Visually rewarding look at China's wildlife - and threats it faces
Spirit of Adventure: Uncovering China's Hidden Wildlife ABC, Sunday, 5-6 p.m. Documentary hosted by Jim Fowler. There's nothing unusual about nature documentaries these days - even good ones. But this program offers something special: a visually rewarding look at a lesser-known side of China - not teeming masses but a fascinating array of species still found in both frontier and developed areas.
Photo teams were allowed to work in that country for about a year, searching out wildlife and documenting government efforts to preserve threatened species. The result is rare and often touching footage of everything from white dolphins to the Asian tiger. Few scenes offer electrifying action shots, but they form a comprehensive and nicely edited film tour that is informative without being didactic.
At its best the footage suggests the individuality and preciousness of China's animals and links them to the country's past through art and history. In close-up we see the Chinese alligator - an emblem, the show suggests, of the general decline of wildlife populations around the world - as it enters its multichambered den. And we watch alligator eggs hatch and see the small creatures struggle toward water. On the Yangtze River delta there is a striking shot of fishermen hauling in a giant pregnant sturgeon, which yields pounds of caviar.
During its year, the crew moved throughout the vast country, filming white crane, black bear, bounding sables, and the ``small'' Chinese elephant in its dwindling rain-forest habitat. The most endearing moment may be the panda mother and her newborn cub, but the most striking moments are of the Asian tiger - shown first in a sample of Chinese art - as it stalks a prey. The show has been flowing with engaging speed through its material, but at this point it knows enough to take the time to watch the tiger stand and then, finally, make the kill.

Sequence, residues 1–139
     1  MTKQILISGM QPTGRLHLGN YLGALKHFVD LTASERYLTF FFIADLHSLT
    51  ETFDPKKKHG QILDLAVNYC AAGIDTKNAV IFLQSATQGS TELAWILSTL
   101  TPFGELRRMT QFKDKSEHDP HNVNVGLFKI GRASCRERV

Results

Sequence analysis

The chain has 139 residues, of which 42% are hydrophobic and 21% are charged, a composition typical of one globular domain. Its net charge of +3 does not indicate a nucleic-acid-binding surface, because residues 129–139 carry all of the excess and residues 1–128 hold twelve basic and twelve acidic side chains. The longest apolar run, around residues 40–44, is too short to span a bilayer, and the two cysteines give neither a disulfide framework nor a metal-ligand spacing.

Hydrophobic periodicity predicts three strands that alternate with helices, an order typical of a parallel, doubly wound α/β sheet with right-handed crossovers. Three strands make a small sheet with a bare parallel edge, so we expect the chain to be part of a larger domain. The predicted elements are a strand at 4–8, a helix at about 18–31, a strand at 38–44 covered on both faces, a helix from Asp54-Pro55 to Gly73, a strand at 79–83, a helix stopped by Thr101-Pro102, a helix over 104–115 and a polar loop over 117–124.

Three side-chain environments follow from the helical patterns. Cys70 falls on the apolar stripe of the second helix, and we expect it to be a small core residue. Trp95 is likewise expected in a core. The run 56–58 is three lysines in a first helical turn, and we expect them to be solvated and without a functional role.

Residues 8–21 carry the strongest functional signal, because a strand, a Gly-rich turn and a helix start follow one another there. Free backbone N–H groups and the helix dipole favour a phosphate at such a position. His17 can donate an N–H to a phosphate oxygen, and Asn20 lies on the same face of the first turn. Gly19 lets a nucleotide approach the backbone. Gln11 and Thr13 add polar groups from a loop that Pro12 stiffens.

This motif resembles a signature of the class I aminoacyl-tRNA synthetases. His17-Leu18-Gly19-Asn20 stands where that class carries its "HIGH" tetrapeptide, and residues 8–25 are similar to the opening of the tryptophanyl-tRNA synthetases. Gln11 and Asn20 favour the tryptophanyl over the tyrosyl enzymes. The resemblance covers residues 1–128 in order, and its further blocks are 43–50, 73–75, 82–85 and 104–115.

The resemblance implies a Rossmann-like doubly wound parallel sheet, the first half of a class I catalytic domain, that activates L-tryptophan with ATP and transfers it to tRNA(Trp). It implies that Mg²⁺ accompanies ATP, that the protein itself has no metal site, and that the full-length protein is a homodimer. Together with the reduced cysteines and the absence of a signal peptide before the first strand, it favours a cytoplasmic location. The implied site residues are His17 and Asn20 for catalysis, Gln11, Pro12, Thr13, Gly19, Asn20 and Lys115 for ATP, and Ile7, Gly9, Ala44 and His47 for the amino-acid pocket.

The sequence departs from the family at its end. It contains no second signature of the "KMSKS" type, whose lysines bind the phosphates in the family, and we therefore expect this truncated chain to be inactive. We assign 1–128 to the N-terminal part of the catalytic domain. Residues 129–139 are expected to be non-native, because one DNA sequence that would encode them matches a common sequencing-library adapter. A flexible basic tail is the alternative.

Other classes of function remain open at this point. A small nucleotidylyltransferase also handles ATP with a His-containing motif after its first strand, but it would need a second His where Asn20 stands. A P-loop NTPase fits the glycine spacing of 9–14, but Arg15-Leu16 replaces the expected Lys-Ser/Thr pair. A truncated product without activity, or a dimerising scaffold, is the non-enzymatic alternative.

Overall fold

All through the narration you can sense the program's diplomatic policy: Be nice to your hosts. This filming was apparently quite a coup, and the script makes reference to ``careful management of the Chinese'' and notes that ``Chinese [conservation] law is an example to the world.''
Much of this seems justified, as we see all kinds of wildlife management programs and other species-saving efforts. The show readily acknowledges the dilemma posed by a country like China: The interests of its huge population tend to conflict with the needs of threatened species. As one question from the show puts it: ``Do we want people, or do we want the animals?'' Lots of things are being done, according to this program, but answering that question demands a very tough call.